However, the court, unlike the regulatory process you have experienced up to that date, is all about fairness. The judge will be fair to both you and the NMC, assisting where he feels either side is lacking, and directing on how to improve. Equally, the judge will question you strictly on what you are proposing and expect you to be able to go to your evidence and show him where it is and how it supports what you are saying. The comical thing we observed, and have observed in all the other appeals we have supported, is that the judge is way ahead of you and just wants to know that you know what he already knows! Sometimes, although highly unlikely, the judge may flounder or make a mistake, but that is usually more likely to be due to him or her struggling with navigating through your methodology rather than a lack of ability. But, if you can politely direct him, and get him back on track, respect will be appreciated without bias or judgement – it is, after all, always about the evidence.
The judge will question you as strictly as he will the NMC and, equally if the NMC is not able to give a good explanation for their behaviour or process, he will not hold back in directing them that they “must do better”. We observed this in one aspect of this case. The midwife was able to show that the NMC had not put vital evidence in front of the panel until they had already decided on both the facts and the misconduct.
Once the panel had decided this, the NMC gave them the remaining evidence which they did consider in due course but which could not influence their decision-making – the decision was made – now they could only decide on the sanction.
Had the midwife put as part of his Grounds of Appeal that the NMC had failed on this part of the process, then the outcome of the appeal may have been different. However, despite in open court, the judge making it extremely clear that this behaviour of the NMC was highly irregular and there had been “certain mischief”, his job on that day was to assess the merits of the case based on the presentation of the case by this litigant in person. The judge could not step outside this in his determination because, basically, he had not been asked to.
As supporters our job was not to make a decision about the merits of the appeal, that was the job of Justice Ritchie but to be there next to the registrant for moral support. We were allowed to take notes for him so as to be able to remind him of key aspects the judge was focussing on and we could help him find evidence from his bundle. It was fascinating watching the process and we were encouraged when the Judge picked up on some key failings by the NMC in following due process. One aspect was that the NMC made the unusual but not uncommon decision to leave key evidence until the panel had decided on the facts and the misconduct stages of the case. Mr Golden argued that this was detrimental to the decision making where they concluded once facts were proven, and misconduct determined from those facts that no other option was left to them but to strike him off the register. It is unknown if Mr Golden had included this in his grounds of appeal, whether the outcome of the appeal hearing would have been different, but showed to us the importance of ensuring Grounds demonstrate what can be proven rather than what you feel should be. The Judge asked the NMC barrister why on earth they would not put ALL the evidence to the panel for them to decide, he was unable to give an answer to this other than he was instructed to do so. Sadly, this was not in the judgement handed down but we hope that the NMC barrister will have fed this back to his teams as we understood he had been instructed to do so by Justice Ritchie.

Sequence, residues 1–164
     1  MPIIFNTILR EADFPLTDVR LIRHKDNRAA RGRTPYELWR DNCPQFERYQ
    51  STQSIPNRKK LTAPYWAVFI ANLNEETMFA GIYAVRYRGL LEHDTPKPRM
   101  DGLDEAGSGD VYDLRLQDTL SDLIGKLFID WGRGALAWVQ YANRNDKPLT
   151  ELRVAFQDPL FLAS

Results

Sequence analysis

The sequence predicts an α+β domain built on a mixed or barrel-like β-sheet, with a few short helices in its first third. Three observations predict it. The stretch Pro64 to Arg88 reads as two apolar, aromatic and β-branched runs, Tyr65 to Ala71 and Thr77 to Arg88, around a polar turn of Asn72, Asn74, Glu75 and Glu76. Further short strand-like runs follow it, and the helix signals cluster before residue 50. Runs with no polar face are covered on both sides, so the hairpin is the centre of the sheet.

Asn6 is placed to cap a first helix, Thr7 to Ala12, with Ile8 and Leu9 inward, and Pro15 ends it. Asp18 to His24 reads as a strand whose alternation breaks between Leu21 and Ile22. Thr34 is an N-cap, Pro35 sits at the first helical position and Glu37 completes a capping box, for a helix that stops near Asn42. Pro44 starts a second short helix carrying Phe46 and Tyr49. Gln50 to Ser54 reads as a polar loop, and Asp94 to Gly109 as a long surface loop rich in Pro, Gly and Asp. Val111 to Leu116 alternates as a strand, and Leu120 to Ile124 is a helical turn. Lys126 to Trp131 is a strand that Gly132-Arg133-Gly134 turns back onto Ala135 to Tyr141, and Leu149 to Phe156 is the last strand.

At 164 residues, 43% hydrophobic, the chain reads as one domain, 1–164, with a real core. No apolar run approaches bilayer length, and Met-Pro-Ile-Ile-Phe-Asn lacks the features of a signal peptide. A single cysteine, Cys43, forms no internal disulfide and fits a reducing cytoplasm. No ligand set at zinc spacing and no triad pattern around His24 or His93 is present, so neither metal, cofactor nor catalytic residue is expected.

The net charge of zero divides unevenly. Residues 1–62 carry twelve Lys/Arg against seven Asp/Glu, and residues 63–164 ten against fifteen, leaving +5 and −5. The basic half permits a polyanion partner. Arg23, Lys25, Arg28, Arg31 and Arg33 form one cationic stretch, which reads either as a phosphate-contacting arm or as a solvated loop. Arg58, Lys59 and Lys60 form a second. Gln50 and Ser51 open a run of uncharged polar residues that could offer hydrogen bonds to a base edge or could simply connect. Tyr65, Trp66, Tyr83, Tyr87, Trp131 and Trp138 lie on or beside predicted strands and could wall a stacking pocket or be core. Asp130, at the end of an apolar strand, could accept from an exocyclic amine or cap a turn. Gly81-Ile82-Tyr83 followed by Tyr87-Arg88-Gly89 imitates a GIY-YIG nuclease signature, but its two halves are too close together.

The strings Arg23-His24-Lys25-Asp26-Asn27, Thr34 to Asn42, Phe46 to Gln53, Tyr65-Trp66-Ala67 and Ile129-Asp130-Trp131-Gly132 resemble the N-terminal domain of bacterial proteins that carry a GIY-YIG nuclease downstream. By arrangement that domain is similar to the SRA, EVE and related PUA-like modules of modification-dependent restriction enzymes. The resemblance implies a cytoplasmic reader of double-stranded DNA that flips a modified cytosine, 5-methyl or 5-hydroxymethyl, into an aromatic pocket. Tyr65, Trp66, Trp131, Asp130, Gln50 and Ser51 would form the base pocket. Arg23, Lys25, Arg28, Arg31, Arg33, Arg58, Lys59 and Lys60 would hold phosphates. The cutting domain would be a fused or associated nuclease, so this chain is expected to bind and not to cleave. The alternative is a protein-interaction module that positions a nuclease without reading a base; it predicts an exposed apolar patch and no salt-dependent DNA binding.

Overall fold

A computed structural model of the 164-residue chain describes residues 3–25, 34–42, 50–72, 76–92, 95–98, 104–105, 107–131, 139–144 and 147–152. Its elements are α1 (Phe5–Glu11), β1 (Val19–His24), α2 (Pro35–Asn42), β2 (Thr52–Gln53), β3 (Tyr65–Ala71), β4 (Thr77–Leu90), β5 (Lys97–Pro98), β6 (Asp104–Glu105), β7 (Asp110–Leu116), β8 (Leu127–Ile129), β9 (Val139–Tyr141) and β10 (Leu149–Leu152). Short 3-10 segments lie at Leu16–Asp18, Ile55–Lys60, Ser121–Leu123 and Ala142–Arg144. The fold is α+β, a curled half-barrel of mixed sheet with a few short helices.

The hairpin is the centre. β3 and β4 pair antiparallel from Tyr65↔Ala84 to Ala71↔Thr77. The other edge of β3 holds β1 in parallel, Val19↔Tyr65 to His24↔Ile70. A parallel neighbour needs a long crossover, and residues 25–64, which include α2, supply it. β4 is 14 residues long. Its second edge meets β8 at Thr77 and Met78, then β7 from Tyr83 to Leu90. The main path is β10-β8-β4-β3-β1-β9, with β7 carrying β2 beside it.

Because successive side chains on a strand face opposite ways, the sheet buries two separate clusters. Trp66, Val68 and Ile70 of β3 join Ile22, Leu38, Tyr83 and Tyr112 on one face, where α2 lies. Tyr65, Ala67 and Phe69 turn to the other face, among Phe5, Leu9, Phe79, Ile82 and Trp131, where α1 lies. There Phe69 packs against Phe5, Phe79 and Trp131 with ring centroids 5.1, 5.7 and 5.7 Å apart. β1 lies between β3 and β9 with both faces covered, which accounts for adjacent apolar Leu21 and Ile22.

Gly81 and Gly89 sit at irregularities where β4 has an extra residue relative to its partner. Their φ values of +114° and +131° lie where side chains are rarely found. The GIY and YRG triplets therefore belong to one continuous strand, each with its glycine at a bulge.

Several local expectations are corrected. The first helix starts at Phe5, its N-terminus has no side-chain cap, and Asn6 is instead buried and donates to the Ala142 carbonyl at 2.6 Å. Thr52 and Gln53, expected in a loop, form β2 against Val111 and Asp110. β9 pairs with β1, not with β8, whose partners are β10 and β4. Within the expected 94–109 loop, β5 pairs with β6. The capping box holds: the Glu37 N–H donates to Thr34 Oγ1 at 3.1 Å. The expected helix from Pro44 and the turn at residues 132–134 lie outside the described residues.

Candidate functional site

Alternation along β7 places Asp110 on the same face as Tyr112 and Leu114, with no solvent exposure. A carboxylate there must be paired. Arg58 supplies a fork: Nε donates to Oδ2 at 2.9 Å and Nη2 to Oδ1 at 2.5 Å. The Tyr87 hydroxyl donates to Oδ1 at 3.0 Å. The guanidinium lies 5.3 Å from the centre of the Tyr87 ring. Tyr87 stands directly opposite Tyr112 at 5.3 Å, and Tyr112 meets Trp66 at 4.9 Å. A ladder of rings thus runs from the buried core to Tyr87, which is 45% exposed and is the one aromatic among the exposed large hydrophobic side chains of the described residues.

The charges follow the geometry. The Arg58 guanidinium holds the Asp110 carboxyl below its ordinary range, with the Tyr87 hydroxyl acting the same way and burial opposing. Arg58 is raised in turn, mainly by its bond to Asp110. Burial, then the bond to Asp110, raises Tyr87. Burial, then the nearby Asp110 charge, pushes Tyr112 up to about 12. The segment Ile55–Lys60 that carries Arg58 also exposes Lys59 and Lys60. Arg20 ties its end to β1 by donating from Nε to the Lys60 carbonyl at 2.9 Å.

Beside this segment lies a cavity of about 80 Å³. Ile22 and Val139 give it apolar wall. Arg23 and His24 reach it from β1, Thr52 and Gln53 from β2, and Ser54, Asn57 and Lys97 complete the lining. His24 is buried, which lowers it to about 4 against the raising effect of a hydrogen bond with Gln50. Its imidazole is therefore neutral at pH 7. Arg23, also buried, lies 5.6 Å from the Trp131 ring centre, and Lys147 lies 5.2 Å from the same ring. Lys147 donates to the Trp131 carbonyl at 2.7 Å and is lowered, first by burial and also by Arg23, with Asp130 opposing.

In the end.
Ultimately the appeal was lost and, as a result, the midwife has been asked to comment on the application for costs that the NMC have now asked for. This is always a risk when undertaking any appeal and, as a litigant in person, can often put many people off even doing the first steps to apply to the court for this issue. There have now been a number of cases where the judge has not awarded costs to either party. In Watters V NMC (2017) Justice Cheema Grubb reduced the strike-off order to a 2 months suspension which was eventually revoked by the NMC giving the registrant her registration back. As, in effect, the appeal had only been won in part (and lost in part), as a matter of fairness the judge had to explore costs. This meant that the NMC could apply for part costs against the nurse and, in effect, the registrant could apply for costs in part against the NMC. The nurse bowed to the court’s experience but stated the severe financial difficulty that had been caused by the whole process. Justice Cheema Grubb’s direction can be seen in the court transcripts: